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many distant mountains were visible from both stations, I could begin triangulating. The mountains of the Swakop, on the other side of tae desert plain to our north, were clear is the blue distance. A few peaked hills were more in the foreground, and I took the bearings, as well as the natives could point out, of the place we were first to aim, for. Our first stage is a very difficult one. It occupies sixteen hours' actual travelling, exclusive of all stoppages. There is no grass for the oxen, nor water either ; though a few cup-fulls of the latter can be found in a granite rock after the first twelve hours' journey ; and there is generally so thick a mist on the plain, that, travelling, as people generally do, all through the night, there is every probability of losing the path. The consequence is, that the plain is covered with false waggon-roads in every direction, and a great number of oxen have died on the way. The natives of the place are no better than the strangers ; as soon as they lose their road they go wandering about not only till daylight, but till the fog clears away and shows them where they are. Losing the way is the rule here, and not the exception ; and a person who has crossed the plain without doing so, rather plumes himself upon the feat.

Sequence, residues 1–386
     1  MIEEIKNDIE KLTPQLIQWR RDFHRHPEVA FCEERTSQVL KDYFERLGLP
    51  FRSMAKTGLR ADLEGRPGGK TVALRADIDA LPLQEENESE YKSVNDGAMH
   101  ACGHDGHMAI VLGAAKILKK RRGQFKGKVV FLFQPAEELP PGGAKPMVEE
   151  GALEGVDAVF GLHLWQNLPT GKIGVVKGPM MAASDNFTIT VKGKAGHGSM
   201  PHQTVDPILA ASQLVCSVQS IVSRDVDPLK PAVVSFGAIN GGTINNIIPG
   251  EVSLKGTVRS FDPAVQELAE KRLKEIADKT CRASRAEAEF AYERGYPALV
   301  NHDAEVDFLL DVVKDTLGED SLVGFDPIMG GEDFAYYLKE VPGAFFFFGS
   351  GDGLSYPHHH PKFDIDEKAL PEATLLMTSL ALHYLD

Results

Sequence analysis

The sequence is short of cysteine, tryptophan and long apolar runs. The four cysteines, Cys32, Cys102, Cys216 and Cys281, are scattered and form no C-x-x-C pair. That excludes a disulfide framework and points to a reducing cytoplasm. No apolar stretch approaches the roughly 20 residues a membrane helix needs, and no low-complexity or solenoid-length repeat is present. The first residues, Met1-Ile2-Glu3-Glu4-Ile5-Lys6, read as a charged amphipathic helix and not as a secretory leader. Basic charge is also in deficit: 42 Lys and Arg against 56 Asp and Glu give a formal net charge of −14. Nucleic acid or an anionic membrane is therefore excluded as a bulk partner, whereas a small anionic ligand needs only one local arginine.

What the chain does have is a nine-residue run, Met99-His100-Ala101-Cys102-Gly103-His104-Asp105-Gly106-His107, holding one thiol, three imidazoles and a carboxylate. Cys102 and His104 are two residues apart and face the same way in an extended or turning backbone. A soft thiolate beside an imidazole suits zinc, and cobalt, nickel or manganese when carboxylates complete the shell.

Stewartson, on his ox, was to be the guide. My men were all to walk ; Andersson and myself to ride the horses, giving a mount now and then to the men. The chestnut mule and four oxen were to be packed with my belongings, one other ox with Stewartson's.

The ceremony of breaking in the black ox had next to be performed, and in this way ; the whole herd was driven close up together, and then, Stewartson, with a long thong of leather (a rcim), noosed like a lasso, crept in amongst the creatures, and pushed the noose with a stick round the leg of the victim, holding on at the other end of the thong like grim death. The ox bellowed, and kicked, and galloped on three legs; the herd dispersed, everybody ran to help, and soon the animal, looking highly wroth and disgusted at the treatment, was brought to a standstill, and another noose thrown over his horns ; then, by lugging at the thongs, the beast was tumbled over, his nose pierced with a stick ; some old worthless bags were filled with sand, and tied firmly on his back, and he was let go, to plunge and bellow, and to vent his sulkiness on, and tell his story to his fellow-oxen.

Next morning, the packing operation was again gone through, as the pack had become loose; and this was repeated for two or three more days. Now that the ox had a nose-stick, it was much easier